About 200 Cornell students occupied the central administrative building Day Hall on Monday in protest of the $350 healthcare increase. President Skorton came out of his office and spoke with a large group of students in an adjacent room. The debate became increasingly heated. Watch the highlights below.
3:52 – “This is a no-flex zone, President Skorton.”
Skorton: “…I don’t even know what that means.”
Here is the full video (40:38)
I spoke with one of the protestors, Daniel Marshall, who is a veteran in the Cornell activist community and has attended similar protests in the past such as Save the TCAT.
Q: How many protestors were there and who were those students?
Daniel: So there were about 200 students that actually occupied Day Hall today. Skorton’s office is small, so people fanned out into at least 2 other large offices and lined the hallways.
the room was the lounge part of Skorton’s office, and was a group of students who were cycling in and out of the room (as much as CUPD would let us), so a lot of different students were able to get in but many more could not.
Q: What was your opinion on President Skorton?
Daniel: So, before he came to speak with us, I gave a little prep meeting to make folks new to activism familiar with the general rhetorical tactics that Skorton engages in. (He’s really, really good at it.) Basically, he does two things.
1) He vomits empathy. Someone was counting how many times he said “I agree with you” to our grievances. He’ll agree with you and sympathize with you until you feel heard, and then he won’t do anything about it. He won’t repeal the fee, or not raise tuition, or increase aid. Nothing.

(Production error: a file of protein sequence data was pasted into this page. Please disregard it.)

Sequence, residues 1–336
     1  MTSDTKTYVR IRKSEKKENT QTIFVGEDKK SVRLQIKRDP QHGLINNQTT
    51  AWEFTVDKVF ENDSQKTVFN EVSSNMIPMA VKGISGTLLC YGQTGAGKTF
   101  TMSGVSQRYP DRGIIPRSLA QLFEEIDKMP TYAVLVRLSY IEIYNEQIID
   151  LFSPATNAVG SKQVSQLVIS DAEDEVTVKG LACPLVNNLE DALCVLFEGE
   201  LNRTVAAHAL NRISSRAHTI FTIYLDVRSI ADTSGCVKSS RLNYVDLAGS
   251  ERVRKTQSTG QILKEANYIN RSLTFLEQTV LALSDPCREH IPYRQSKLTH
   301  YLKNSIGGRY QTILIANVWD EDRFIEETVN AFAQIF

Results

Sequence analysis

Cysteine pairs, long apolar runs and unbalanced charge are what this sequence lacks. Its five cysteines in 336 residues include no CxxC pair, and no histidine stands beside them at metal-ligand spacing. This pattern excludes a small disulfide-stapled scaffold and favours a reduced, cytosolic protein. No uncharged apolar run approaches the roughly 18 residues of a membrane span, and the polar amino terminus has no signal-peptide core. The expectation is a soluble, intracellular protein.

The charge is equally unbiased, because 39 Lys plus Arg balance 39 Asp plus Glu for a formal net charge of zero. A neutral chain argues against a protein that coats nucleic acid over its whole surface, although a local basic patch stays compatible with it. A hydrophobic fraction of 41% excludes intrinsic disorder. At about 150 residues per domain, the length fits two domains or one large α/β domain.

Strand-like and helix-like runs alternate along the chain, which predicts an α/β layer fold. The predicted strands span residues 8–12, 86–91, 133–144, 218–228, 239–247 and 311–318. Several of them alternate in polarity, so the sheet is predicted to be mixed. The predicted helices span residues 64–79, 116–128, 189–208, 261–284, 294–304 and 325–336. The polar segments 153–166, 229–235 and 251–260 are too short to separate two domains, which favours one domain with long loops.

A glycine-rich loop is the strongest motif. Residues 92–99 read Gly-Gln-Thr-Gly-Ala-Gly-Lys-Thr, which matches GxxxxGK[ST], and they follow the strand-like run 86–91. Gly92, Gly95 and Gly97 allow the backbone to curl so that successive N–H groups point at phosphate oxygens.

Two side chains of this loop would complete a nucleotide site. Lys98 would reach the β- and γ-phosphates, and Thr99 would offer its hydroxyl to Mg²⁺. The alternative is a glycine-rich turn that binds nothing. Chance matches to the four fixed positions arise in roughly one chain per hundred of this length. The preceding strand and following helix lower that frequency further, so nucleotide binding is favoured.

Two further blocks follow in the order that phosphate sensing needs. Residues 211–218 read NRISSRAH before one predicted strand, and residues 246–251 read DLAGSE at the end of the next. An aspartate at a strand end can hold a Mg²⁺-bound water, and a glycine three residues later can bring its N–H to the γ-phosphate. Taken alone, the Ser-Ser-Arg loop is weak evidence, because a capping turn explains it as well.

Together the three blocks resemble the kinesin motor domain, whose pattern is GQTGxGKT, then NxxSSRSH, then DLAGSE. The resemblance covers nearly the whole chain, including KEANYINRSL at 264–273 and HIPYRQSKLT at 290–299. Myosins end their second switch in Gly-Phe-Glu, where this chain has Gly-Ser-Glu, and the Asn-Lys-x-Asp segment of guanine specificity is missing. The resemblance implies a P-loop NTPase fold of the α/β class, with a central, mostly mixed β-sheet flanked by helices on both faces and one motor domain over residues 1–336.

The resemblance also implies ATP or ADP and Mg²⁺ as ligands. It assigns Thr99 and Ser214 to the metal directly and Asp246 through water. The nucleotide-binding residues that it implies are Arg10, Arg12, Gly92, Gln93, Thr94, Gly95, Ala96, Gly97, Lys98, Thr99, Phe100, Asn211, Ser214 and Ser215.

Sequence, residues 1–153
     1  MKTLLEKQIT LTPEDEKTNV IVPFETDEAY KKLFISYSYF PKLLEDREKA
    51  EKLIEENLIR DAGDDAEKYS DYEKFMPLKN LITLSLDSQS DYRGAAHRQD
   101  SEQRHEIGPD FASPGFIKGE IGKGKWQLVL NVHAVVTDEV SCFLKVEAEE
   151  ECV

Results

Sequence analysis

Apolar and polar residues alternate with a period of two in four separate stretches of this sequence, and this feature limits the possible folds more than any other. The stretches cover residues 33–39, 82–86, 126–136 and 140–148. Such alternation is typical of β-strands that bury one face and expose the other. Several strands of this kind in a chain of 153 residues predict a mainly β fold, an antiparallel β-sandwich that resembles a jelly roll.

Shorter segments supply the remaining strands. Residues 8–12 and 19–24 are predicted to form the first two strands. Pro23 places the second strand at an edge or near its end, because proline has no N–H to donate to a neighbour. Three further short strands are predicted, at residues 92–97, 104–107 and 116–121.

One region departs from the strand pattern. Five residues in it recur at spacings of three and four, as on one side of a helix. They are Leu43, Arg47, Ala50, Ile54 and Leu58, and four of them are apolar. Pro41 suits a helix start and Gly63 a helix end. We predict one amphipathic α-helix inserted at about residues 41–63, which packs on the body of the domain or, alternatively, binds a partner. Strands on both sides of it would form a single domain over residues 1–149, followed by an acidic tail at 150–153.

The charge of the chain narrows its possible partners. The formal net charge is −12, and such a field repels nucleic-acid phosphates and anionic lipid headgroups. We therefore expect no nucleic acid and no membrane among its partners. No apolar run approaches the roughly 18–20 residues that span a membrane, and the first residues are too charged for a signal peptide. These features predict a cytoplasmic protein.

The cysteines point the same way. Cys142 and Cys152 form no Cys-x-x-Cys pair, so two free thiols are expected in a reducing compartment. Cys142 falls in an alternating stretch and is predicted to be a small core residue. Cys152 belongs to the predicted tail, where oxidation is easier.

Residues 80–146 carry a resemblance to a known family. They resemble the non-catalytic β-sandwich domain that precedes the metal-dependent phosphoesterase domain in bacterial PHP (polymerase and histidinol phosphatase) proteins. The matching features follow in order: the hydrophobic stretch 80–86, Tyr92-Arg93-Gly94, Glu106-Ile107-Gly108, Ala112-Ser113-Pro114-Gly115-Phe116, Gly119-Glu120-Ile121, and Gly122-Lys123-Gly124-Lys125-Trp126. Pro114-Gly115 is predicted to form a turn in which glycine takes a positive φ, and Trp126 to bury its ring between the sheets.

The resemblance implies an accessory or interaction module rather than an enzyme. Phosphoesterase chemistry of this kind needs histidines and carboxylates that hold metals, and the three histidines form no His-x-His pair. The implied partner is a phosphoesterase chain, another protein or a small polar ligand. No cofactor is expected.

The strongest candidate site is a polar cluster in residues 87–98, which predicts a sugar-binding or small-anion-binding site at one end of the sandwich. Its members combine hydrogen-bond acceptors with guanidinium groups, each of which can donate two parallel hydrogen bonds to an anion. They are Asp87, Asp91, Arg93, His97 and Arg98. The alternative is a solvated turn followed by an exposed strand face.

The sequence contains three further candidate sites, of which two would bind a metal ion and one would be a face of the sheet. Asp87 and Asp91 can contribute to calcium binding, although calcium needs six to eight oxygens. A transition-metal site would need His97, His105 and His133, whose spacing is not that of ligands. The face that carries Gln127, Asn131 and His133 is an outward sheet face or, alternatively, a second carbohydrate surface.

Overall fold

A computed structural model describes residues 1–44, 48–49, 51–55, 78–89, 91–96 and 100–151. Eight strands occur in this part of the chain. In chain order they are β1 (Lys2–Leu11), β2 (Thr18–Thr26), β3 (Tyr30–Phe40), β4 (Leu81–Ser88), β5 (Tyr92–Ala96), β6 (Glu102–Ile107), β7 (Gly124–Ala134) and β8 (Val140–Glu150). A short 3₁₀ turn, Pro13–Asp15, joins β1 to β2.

2) He’ll get feisty and insinuate that the reason for your problems (which are understandably frustrating and emotional) is your inability to be “respectful” of him. When he does that, he tries to make you–the one who is paying the fee, who is in debt, etc.–feel bad for hurting his feelings or not being polite enough.
He employed both of these strategies, with the ultimate aim of either making us feel “heard” without doing anything about it or getting us to feel like we deserve the fee costs. His attitude changed a lot over the meeting, depending on what particular challenge he was facing, so he went from patronizing (you don’t understand) to empathetic (I feel your pain/I agree w/ you) to antagonistic (you need to respect me). I thought that, given the absurdity of the policy he was tasked to defend, it was well-played. Skorton is an impressive rhetorician and he showed it today. Unfortunately, defending the fee is a tall order, and students aren’t falling for his schtick much longer.
Q: What were you guys’ demands?
Daniel: There were a lot of grievances that students voiced in the meeting, including a lack of financial transparency and a lack of decision-making power in matters that affect us. Specifically issues like tuition increases, insufficient aid, administrative pressure on the Student Assembly to withhold “confidential” information.
As far as financial transparency goes, the occupation was a huge success, in that a BUNCH of information that had been going around was made public and confirmed by Skorton, nearly all of which contradicted his widely-circulated e-mail. He also confirmed that tuition would be raised this year again, and that he knew when and how much, but he refused to tell us. He said “we’ll release that information when we release that information. (Check the Save the Pass page for a guide to what those were.)
As far as official demands, the consensus in the room was that this is just the beginning, and we need to bring in more students, organize, and figure out what we want and how we’re going to get it. We got people’s emails and are going to have a follow-up meeting soon.
Q: In the end, do you think this fee will be repealed?
Daniel: Not right away. I think he’ll wait for it to die down, but if we can keep up the momentum, I think he’ll repeal it. If we really get organized, keep up the energy, take some risks and support each other, we could even restructure the University. It’s up to us.